05:04 GMT30 October 2020
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    Astronomers have discovered a new object that is thought to be the most-distant space body ever observed in the solar system. The new, extremely distant, object far beyond Pluto has an orbit that supports the presence of a larger unknown planet, or "Planet X".

    The newly found object was announced Tuesday, 2 October, 2018 by the International Astronomical Union's Minor Planet Centre. A paper with the full details of the discovery has also been submitted to The Astronomical Journal. 2015 TG387 was nicknamed "The Goblin" by the discoverers, as its provisional designation contains TG and the object was first seen near Halloween.

    READ MORE: Newly Discovered Faraway Dwarf World Stirs Up Hunt for Elusive Planet X

    Sputnik has discussed the newly-found object with one of the astronomers behind the discovery, David J Tholen, a co-researcher at the Institute for Astronomy of the University of Hawaii and Ph.D. in Solar System astronomy at the University of Arizona.

    Sputnik: How did you manage to spot the space object? Why didn't we know about it before?

    David J Tholen: We found the object by taking two pictures of the same piece of sky and then, inside a computer programme, it aligned the images, such that all the stationary objects such as stars and galaxies are in the same positions, and then anything that has moved is identified and we will verify that the detection is correct by looking at it visually, just to make sure that there are no artefacts that the computer might have been fooled by. And then we measured the position using the background stars as reference sources and started the process of computing the orbit. In this particular case, the object has only been observed for a little over a month. So the distance is known reasonably well but the orbit itself is fairly well unconstrained. In other words, we don't know the shape of the orbit. It could be circular. It could be a very skinny ellipse.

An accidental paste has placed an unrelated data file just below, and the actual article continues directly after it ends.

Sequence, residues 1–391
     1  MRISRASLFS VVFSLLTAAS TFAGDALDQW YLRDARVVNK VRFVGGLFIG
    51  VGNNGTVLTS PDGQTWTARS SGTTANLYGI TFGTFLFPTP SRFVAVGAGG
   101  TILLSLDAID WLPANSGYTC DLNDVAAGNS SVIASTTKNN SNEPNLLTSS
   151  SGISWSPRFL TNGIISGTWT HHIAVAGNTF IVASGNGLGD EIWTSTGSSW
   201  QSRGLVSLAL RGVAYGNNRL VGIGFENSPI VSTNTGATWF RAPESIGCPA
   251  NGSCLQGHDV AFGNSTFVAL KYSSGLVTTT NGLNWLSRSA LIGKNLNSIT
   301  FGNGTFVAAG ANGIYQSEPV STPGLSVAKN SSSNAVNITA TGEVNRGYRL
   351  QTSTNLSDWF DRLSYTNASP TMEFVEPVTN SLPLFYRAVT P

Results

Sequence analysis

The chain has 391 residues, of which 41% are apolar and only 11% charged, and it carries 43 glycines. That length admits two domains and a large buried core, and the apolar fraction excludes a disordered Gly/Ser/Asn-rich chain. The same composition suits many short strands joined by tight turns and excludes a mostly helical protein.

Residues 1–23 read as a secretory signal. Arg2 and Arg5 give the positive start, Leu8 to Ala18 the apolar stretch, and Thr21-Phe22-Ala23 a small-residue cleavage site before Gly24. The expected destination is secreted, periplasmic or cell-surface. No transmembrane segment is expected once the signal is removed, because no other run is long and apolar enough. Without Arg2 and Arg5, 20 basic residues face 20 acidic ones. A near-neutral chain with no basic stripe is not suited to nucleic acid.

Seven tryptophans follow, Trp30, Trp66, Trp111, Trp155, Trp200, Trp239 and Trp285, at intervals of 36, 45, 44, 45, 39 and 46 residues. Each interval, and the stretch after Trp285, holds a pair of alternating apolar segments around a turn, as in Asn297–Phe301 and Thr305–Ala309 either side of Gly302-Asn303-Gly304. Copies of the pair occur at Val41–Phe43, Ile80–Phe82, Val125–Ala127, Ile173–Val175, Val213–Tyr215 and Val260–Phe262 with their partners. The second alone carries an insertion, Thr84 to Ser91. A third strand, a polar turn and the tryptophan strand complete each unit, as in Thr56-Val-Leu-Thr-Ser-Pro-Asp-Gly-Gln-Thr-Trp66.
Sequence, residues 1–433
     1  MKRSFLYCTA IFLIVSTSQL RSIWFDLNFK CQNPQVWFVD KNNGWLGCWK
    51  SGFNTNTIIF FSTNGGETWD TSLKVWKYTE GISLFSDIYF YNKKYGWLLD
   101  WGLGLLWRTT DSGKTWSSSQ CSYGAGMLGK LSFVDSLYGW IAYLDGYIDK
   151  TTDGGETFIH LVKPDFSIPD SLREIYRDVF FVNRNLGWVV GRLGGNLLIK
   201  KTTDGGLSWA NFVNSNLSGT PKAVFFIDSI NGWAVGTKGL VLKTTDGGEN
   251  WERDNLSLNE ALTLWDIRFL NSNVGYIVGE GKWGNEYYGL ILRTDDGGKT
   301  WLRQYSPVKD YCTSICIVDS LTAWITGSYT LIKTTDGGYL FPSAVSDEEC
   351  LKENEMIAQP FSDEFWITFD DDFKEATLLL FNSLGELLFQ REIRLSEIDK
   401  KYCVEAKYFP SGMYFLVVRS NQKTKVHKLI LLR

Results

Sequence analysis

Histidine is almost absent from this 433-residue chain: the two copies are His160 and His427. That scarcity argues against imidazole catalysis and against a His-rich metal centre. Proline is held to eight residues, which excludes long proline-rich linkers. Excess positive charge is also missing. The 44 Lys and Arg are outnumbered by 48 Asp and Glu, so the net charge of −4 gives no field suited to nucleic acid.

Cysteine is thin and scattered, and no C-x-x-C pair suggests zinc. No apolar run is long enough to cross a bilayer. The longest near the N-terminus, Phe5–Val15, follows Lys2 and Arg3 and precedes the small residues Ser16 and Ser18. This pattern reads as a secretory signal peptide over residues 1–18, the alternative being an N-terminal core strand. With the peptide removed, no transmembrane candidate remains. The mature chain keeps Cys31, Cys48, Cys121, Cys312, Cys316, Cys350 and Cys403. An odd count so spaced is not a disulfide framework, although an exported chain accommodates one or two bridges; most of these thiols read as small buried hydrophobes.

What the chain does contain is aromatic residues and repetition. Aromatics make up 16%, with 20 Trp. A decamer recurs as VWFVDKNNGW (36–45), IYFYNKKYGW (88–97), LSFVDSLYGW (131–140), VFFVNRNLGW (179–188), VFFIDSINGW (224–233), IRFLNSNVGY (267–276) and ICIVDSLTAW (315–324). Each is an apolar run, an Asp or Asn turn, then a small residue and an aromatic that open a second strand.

Sputnik; Now, you have obviously qualified your last answer, but what is it? Is it a planet or some of a type of other cosmic object?

    David J Tholen: Well, we estimate the size of the object to be about 500 kilometres in diameter. So, that makes it a bit small to know for sure that it has enough mass to crush itself into a spherical shape, which is one of the criteria people like to use to call [something] planet. So probably a little bit small to be considered a planet, but it is comparable in size to some of the largest asteroids. For example, in the main asteroid belt between Mars and Jupiter, the asteroids Vesta, which was recently visited by the Dawn spacecraft, and Pallas, those are both roughly of the same size as we estimate this object to be. There is some uncertainty to the size, because we don't know how reflective the surface material is. So it could be anywhere from, say, 250 kilometres to perhaps a 1,000 kilometres. If it is up in the 1,000 kilometres size range, then yes, it might qualify as a dwarf planet.

    READ MORE: LISTEN What Does Mars Wind Sound Like? NASA Reveals Audio Sample From Red Planet

    Sputnik: What is Farout like? What do we know about its properties, qualities, and complexities? Is it similar to the other planets in the solar system? Is there any way of ascertaining that, or is it too difficult?

    David J Tholen: There is not enough data right now to make comparisons with other objects. We did get some colour information on the object, so we know it is slightly redder than the sun, which is very common among other asteroids. So that's about the only indication we have of physical properties. And just the fact that it is very, very far from the sun means it is a cold object. So it would likely have icy material, such as water ice or carbon dioxide, methane, [or] other materials which are in solid form at such cold temperatures.

    Sputnik: What are your next steps with regard to the next phase of planning to study for this particular "planet"? What would you look at as the next phase in depth of this particular finding?

    David J Tholen: Well, I think the first step is to improve our knowledge of the orbit and that is simply going to take time. This thing takes about 1,000 years, roughly since we don't know the orbit, we don't have an exact orbital period, but it is going to take roughly 1,000 years to make one trip around the Sun. And so, it is going to take 2-3 years, maybe 4 years, to nail down the orbit to the point where we can say what the actual size and shape and orientation of the orbit is. And then that will be particularly interesting, because some of the other distant objects that we [have] found in the outer solar system tend to have orbits that are more or less aligned with one another. That alignment has led to the speculation that there is some massive object out there whose gravitational pull is kind of steering these smaller objects into similarly aligned orbits. So this object may help bolster the case for a massive object.

    The views and opinions expressed by the speaker do not necessarily reflect those of Sputnik.

    The views and opinions expressed in the article do not necessarily reflect those of Sputnik.


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